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I'm aware that in remainder theorem you take the divisor and make it equal to zero. For the result of that just plug in x into whatever the polynomial dividend is.

But its different when the divisor is also a polynomial since it has multiple roots:

$$p(x) = \frac{2x^6 - x^4 - 4x^2 - 8}{x^2 + 4x - 3}$$

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$x^2+4x-3$ into $2x^6-x^4-4x^2-8$.

First, look at leading terms. $x^2$ into $2x^6$. That's $2x^4$. Multiply divisor ($x^2+4x-3$) by $2x^4$ (getting $2x^6+8x^5-6x^4$) and subtract from dividend ($2x^6-x^4-4x^2-8$), getting $-8x^5+5x^4-4x^2-8$. Leading terms again: $x^2$ into $-8x^5$ is $-8x^3$. Multiply divisor by $-8x^3$, subtract from $-8x^5+5x^4-4x^2-8$. Write the whole thing out the way you would write out $123$ into $456789$ and you'll see we're just doing division but with polynomials instead of numbers. Keep going until what's left of the dividend has degree less than that of the divisor, that is, less than 2. At that point what's left is the remainder, and the quotient is $2x^4-8x^3+$ whatever other terms you have worked out along the way.

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When you divide by a polynomial of degree greater than one things get tricky. Especially if the polynomial you are dividing by has double roots, but let's ignore that case because its quite tricky. Suppose to you are dividing $P(x)$ by $Q(x)$ which has roots $r_1,r_2,...,r_n$. Compute $P(r_1),P(r_2),...,P_(r_n)$. Then apply Lagrange Interpolation on $(r_1,P(r_1)),...,(r_n,P(r_n))$ to get the remainder. Do you see why this works?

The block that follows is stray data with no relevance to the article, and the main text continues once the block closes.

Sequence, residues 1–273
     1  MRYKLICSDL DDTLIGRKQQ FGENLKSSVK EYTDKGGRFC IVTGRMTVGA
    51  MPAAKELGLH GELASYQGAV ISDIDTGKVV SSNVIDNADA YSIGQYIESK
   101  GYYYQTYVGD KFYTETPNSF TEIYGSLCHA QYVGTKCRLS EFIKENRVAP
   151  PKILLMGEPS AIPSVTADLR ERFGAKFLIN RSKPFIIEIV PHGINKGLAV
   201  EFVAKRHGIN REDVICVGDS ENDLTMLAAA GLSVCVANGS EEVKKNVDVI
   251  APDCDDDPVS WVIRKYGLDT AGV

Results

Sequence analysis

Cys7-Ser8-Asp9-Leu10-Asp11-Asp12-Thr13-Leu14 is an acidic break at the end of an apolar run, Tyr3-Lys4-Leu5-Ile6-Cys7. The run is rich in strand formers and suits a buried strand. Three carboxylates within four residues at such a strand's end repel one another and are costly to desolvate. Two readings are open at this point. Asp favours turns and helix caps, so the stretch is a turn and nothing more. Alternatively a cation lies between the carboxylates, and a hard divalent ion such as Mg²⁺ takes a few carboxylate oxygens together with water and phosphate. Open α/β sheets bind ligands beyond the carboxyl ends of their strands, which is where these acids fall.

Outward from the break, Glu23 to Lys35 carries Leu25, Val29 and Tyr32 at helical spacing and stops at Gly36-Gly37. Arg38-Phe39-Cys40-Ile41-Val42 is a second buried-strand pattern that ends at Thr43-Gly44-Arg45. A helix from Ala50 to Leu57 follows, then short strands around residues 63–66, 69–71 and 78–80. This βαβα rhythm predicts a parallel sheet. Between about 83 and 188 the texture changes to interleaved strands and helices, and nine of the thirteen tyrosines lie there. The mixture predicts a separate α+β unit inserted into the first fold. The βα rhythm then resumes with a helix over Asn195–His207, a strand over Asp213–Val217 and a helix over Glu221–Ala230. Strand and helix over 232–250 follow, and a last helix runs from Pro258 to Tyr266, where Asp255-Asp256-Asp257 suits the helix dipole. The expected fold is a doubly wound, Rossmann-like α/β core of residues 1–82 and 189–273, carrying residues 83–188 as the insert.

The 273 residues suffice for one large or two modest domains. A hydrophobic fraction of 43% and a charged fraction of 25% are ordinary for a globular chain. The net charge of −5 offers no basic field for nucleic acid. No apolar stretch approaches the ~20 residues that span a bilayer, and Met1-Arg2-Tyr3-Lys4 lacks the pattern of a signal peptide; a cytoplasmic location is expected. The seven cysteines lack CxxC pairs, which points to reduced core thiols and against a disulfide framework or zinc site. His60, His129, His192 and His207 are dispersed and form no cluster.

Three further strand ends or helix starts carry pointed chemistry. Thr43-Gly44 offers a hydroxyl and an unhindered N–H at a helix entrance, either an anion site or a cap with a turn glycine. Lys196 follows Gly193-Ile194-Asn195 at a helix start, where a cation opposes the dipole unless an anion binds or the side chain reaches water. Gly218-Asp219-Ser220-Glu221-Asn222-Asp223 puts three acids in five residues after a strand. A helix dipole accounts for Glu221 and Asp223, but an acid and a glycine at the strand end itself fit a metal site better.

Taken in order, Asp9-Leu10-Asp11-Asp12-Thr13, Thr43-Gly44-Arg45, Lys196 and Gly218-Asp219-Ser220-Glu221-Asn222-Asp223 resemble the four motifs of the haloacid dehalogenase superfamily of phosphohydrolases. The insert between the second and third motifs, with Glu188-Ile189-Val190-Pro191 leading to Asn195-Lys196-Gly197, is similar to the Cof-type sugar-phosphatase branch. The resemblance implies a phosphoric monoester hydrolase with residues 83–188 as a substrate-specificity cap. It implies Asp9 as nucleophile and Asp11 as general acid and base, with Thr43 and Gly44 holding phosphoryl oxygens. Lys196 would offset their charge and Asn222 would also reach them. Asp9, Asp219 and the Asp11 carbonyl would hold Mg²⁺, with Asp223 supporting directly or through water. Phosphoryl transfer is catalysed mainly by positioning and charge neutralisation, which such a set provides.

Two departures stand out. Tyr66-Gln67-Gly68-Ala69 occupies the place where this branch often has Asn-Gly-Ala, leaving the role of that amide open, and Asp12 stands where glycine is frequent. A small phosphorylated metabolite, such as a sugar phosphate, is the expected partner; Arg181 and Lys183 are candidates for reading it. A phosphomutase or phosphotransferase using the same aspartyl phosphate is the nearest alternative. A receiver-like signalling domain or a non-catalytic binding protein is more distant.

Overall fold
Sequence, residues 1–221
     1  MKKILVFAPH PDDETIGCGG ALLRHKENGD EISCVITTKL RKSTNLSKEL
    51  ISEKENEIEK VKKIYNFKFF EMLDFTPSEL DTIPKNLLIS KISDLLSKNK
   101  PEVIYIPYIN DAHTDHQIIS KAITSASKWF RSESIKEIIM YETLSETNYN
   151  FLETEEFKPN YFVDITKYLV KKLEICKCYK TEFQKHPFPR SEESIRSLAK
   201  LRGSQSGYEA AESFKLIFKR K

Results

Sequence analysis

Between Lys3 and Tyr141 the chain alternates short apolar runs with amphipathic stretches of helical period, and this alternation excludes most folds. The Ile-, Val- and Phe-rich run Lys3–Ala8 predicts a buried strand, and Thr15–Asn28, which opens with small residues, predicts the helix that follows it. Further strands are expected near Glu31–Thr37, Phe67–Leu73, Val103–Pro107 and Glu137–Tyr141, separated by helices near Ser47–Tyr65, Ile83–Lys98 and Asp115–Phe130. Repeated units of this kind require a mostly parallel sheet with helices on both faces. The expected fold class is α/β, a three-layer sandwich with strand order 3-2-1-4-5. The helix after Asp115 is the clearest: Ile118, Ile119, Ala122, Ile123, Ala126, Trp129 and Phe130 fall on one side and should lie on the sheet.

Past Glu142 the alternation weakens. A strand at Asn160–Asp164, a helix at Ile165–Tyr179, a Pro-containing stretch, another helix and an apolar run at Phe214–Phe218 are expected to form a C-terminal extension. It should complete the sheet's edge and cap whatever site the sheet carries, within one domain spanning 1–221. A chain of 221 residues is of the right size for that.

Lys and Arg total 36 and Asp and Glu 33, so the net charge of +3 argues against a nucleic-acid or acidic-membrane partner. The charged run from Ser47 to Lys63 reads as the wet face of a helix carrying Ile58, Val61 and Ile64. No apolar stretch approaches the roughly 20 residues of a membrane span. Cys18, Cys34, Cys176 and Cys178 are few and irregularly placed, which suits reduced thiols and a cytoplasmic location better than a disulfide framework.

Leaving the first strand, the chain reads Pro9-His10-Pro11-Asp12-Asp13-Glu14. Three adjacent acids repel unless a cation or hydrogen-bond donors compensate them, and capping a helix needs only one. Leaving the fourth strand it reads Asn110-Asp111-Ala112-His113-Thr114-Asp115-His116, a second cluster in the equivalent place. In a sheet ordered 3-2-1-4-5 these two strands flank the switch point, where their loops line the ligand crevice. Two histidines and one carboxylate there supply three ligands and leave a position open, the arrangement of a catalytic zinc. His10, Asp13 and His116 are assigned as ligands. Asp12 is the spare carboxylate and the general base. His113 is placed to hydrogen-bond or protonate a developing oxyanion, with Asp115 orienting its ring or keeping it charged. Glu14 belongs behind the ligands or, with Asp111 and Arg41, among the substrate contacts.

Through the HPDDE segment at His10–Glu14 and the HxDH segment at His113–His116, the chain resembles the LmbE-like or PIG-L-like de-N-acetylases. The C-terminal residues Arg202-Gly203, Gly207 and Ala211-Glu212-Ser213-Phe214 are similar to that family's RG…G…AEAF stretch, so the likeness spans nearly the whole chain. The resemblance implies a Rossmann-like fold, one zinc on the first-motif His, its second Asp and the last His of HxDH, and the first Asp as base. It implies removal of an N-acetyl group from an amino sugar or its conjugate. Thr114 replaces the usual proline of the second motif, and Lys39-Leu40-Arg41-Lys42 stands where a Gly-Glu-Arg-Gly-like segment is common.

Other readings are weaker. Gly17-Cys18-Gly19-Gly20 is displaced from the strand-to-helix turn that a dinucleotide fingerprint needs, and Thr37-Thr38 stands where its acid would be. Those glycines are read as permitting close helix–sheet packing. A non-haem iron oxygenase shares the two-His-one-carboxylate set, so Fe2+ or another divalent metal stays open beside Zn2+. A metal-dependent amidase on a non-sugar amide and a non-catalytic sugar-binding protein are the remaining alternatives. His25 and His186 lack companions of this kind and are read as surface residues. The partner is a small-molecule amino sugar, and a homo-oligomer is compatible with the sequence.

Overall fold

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Wouldn't it be easier to just perform synthetic division? –  EuYu Nov 15 '12 at 4:01
    
Of course that would be much easier, however it appears mwong wants a method similar to the remainder theorem so I gave him the most natural way possible to extend to higher degree. –  dinoboy Nov 15 '12 at 4:08
    
I would mark this answer as correct if I knew what the Lagrange Interpolation was. Would it possible to provide the answer in long or synthetic division so it would be something that I can understand? @EuYu –  mwong Nov 15 '12 at 4:12
    
Alternatively, I could tell you what Lagrange interpolation is.... –  Gerry Myerson Nov 15 '12 at 4:29
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